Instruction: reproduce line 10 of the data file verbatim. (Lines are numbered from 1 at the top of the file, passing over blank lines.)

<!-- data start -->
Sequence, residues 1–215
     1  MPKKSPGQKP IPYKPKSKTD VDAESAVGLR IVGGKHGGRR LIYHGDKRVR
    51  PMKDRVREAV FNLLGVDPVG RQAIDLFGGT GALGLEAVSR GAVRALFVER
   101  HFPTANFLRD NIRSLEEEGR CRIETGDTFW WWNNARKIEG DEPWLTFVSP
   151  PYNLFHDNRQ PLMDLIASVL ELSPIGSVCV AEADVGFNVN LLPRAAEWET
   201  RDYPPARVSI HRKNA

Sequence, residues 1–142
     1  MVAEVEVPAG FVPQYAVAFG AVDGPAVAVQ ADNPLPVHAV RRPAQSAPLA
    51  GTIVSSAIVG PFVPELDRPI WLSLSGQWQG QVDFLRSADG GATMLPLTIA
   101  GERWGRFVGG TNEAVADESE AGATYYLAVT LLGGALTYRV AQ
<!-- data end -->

   101  GERWGRFVGG TNEAVADESE AGATYYLAVT LLGGALTYRV AQ